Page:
Somen had mixed experiences on the far away roads away in distant lands, mostly positive though according to his admissions, but includes days of uncertainties at times which he considers as a way of learning and moving forward.
“I lost three bicycles in this tour, one each in Bulgaria, Poland and Germany- but I have been fortunate to somehow manage to meet friendly people all along and get their support to endure through all kinds of challenges.
“So far I have used a total of eight cycles where I carry all my gear, of which three were stolen, and the rest four donated to different museums,” Somen added.
Each of Somen’s bike had roughly covered an average of 25,000 to 30,000 km and his last bike was recently donated and displayed at a museum in Texas, USA.
“I donated my last bike to the museum in the USA and the Indian diaspora there was kind enough to arrange a new one for my onward journey,” he said.
Somen with Hon Consul of India in Auckland Bhav Dhillon
Somen through his cycling to different countries and regions has given several inspiring speeches and lectures on both HIV/AIDS prevention and the richness of the Indian culture at various organisations and institutes across the globe.
“I have had tough days, but I never gave up, which is what I learned at the very beginning of my journey. I want to spread positivity to the world, share the love and culture that I come from and meet every possible person in my journey- and if I can bring positive change in even one individual, I will consider my journey successful,” Somen added.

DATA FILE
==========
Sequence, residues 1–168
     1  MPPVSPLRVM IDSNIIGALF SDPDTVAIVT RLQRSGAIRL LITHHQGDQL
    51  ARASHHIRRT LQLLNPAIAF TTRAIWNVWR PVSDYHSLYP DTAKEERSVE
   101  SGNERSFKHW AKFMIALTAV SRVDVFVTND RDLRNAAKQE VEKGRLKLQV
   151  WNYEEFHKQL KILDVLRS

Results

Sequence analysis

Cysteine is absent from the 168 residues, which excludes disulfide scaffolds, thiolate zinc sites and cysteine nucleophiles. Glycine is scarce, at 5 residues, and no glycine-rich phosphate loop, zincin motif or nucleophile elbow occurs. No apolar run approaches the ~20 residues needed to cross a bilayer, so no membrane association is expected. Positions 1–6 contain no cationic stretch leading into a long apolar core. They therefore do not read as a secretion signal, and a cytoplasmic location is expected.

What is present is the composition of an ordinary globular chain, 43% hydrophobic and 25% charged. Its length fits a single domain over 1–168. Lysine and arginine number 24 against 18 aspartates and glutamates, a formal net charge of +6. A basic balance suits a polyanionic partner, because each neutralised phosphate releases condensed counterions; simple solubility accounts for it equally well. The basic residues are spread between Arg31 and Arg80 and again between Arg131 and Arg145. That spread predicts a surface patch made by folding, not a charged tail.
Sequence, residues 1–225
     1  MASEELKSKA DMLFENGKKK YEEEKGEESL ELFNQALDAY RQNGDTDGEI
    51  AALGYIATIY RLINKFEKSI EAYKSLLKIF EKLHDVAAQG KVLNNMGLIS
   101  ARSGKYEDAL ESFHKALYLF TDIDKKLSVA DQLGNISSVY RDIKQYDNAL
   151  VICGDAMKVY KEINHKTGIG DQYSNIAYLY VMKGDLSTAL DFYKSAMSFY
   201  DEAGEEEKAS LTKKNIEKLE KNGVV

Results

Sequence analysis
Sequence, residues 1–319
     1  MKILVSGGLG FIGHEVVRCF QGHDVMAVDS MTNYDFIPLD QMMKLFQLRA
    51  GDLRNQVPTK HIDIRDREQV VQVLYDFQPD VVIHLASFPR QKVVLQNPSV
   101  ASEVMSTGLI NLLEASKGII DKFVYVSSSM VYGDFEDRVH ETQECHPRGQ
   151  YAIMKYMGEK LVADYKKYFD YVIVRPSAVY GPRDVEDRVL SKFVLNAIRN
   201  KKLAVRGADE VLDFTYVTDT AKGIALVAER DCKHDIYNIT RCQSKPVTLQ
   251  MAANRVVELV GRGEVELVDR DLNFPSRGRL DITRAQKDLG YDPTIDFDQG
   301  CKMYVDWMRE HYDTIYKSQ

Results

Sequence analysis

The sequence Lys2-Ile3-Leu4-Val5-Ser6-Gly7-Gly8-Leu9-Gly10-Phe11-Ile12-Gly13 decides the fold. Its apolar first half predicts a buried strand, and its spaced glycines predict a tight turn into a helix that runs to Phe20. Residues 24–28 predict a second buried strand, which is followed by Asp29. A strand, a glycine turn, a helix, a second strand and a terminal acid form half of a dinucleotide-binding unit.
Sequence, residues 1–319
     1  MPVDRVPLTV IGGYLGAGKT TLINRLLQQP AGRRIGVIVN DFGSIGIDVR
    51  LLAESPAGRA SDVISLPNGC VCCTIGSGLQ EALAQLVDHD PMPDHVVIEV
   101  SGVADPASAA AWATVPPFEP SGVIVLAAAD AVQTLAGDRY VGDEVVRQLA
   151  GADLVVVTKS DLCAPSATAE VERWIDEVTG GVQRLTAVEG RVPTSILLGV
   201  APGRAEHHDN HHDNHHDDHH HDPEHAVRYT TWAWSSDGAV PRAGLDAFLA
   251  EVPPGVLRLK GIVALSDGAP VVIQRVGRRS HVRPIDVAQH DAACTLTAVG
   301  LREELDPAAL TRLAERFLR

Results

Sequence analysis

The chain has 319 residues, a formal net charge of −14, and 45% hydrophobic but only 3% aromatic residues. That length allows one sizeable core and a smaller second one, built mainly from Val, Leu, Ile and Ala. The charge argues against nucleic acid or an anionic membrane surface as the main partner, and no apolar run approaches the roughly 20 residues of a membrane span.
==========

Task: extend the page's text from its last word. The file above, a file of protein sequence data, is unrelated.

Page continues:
Somen will be travelling 1700 km covering North and South Island aiming to complete in the next two months where he seeks to meet the local people and the Indian community on his way, learn about New Zealand and share the values he brings from his Indian heritage.
“If you see me on the street, in your city, or your suburb, feel free to come and say hi- I would be more than happy to meet you and have a chat with a friendly face,” Somen appeals to the readers of The Indian Weekender.
Somen Debnath with SSSNZ officials and community members at Takanini Gurudwara
The Supreme Sikh Society of NZ in South Auckland supported Somen with $1000 towards his journey and cause in New Zealand. Somen was received with a warm welcome at the Takanini Gurudwara where he met the SSSNZ officials and attended a kirtan session at the Gurudwara earlier this week.
"We are more than glad to help the young man towards his endeavours in New Zealand and his mission to spread the values of Indian culture and awareness in the community," Daljit Singh from SSSNZ said.
Somen Debnath with Daljit Singh at Takanini Gurudwara
Somen aims to cover 34 more countries after New Zealand by December 2020 (Australia, South East Asia) completing his globetrotting on two wheels to return to India and start a ‘Global Village’ in a particular region in North India, thereby, increasing tourist footfall of that place.